In the 18th century, pirates affected scowls and howls and rude parrots to strike terror in the hearts of their victims. Here in the 21st century, the sight of a Buccaneer named Malcolm Glazer--the bespectacled, reclusive, 76-year-old owner of the NFL franchise from Tampa Bay--is having a similar effect on English soccer fans. Earlier this month the American real estate tycoon paid $1.47 billion for a 75% interest in Manchester United, the 127-year-old British institution that commands as much worldwide recognition and far more respect than the monarchy. The club has won the Premiership, the country's top division, eight times since 1992 and snagged the European Champions League trophy in 1999. To the Red Devils' faithful around the world, Glazer is no less a pirate than Blackbeard.
Suddenly, and without saying a word in public about his motives or plans, the owner of the 2003 Super Bowl champs is the most reviled sports figure in Western Civilization. The British press, showing characteristic restraint, has described Glazer as "rapacious," "greedy" and "ruthless"; one daily even ridiculed Glazer's "penchant for wearing his trousers pulled up to his armpits."
Sportswriters presume the man who grew up in Rochester, N.Y., has no feel for Red Devils history--and no idea who manager Alex Ferguson is. "Let me reassure you, I know all about Fergie's achievements," a columnist for The Guardian had Glazer telling his players. "I've seen her Weight Watchers ads on TV and read about her divorce from Prince Charles."
At the FA Cup final between Man U and Arsenal in Cardiff, Wales, last Saturday, Red Devils supporters descended on Millennium Stadium in black, as if dressed for a funeral. They have burned Glazer in effigy, compared him with Hitler, issued death threats to his family, vowed to flood the market with forged tickets and urged a boycott of matches, merchandise and sponsors. Yes, they take their football seriously in the U.K., and anti-Americanism is as easy to find in Europe as odd-looking sockets--but this is different. It's not newcomers that Man U fans fear as much as new-doers. They want to hold at bay the men in suits who will change their sporting culture.
In their new book National Pastime: How Americans Play Baseball and the Rest of the World Plays Soccer, economics professors Stefan Szymanski and Andrew Zimbalist note that until about 15 years ago, European soccer teams were generally operated as rich men's playthings: Owners gave no more thought to turning a profit than to pulling on a uniform and taking to the pitch. But in the 1990s, when European TV was deregulated and broadcast money began flooding in (English soccer revenue has exploded from $200 million to more than $3 billion annually over the last decade), soccer became a business. Bean counters have blossomed; ticket prices have crept up. Reds supporters fear Glazer--who raised the cash for his bid by borrowing $490 million against the assets of the debt-free club--will accelerate that trend. They see him selling off stars instead of enriching the roster. They see him peddling the naming rights of Old Trafford stadium to a corporate sponsor (Rose's Lime Juice Park?). They see him adding luxury boxes and finishing the job (already well under way, thanks to apparel stores and sponsor deals with Vodafone and Nike) of turning their club into a brand.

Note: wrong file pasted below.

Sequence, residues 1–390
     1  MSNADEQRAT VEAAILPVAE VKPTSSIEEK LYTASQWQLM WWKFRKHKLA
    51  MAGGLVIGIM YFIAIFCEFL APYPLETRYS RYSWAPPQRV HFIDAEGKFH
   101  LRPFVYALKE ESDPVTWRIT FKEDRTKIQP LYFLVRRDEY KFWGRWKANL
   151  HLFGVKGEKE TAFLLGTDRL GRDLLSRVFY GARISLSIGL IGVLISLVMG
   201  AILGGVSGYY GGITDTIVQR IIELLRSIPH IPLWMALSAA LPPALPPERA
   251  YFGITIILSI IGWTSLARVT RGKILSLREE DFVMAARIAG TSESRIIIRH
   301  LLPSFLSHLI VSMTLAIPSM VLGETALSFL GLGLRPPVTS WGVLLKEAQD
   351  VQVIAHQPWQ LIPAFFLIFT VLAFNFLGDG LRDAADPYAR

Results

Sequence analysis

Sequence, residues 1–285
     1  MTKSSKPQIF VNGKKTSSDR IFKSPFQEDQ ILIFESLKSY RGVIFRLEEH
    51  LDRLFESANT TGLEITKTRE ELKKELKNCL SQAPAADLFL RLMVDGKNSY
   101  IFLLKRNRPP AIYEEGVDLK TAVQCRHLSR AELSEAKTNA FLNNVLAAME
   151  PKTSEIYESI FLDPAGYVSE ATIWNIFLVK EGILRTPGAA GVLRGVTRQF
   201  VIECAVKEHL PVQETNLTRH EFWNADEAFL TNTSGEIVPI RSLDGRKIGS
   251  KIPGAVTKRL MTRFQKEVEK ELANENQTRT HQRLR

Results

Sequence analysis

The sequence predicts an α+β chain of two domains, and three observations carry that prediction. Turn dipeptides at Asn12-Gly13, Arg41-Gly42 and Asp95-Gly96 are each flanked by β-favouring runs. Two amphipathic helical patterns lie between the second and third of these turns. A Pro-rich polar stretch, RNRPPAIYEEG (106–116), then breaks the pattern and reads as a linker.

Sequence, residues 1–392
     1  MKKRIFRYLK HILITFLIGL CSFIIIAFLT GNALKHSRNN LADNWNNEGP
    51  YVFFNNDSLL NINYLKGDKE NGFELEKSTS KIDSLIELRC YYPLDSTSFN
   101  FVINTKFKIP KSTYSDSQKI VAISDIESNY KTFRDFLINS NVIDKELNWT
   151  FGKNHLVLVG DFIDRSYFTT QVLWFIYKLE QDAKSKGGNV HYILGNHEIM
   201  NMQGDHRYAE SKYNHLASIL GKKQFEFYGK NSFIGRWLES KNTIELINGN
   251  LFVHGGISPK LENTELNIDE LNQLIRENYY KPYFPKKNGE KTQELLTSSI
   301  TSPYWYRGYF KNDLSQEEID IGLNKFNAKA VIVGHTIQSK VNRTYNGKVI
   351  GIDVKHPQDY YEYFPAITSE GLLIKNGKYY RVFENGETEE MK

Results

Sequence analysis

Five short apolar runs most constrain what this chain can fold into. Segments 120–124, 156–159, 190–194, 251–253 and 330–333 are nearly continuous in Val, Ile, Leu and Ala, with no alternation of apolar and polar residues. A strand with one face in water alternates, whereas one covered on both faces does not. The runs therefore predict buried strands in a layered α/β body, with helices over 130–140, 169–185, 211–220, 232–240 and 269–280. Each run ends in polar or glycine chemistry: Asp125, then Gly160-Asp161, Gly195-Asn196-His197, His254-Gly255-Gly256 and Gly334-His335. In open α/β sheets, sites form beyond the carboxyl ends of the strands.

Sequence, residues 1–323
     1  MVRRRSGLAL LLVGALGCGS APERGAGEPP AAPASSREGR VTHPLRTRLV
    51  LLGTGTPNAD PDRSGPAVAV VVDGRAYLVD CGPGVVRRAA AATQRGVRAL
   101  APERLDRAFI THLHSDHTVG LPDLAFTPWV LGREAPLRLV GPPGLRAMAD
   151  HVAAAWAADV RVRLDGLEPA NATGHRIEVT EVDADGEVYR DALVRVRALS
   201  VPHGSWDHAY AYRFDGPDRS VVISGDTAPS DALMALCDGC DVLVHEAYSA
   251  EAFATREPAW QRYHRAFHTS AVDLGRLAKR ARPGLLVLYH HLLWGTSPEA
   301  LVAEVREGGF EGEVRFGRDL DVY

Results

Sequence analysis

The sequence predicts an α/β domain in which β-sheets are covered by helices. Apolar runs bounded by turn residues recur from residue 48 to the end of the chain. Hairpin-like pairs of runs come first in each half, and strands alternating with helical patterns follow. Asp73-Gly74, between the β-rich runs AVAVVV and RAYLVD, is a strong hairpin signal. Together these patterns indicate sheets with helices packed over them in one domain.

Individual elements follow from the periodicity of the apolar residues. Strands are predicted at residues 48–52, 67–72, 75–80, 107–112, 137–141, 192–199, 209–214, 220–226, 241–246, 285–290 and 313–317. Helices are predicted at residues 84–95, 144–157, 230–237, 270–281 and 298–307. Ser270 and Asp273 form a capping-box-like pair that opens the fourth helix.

Of course Glazer could prove to be as lovable as the current darling of the English game, Chelsea owner Roman Abramovich, 38. The Russian oil billionaire is beloved because he treats the Blues as a hobby, pouring $400 million into the franchise that he acquired in 2003. He also bought success--the perennial doormat just won its first Premiership title in 50 years.
Yet if Glazer's past is any indication, Red Devils fans have reason to be worried. He made part of his fortune from trailer parks in upstate New York, pinching inhabitants with monthly surcharges for pets and even kids. After buying the Bucs for $192 million in 1995, he made the classic Owner's Threat of promising to move the team to another city if he didn't get a new stadium. He got it, with taxpayers footing most of the $168 million bill.
Once before, in 1998, Man U fans fought off a takeover that time by Aussie billionaire Rupert Murdoch. That won't happen now; the pirate has already claimed his booty. But some United faithful haven't lost their sense of humor. Last week a protester smashed a window in a building near Old Trafford. In black ink he left a message on what remained of the pane: "Sorry about the damage, but don't worry--a Glazer will be here soon." ‚ñ†
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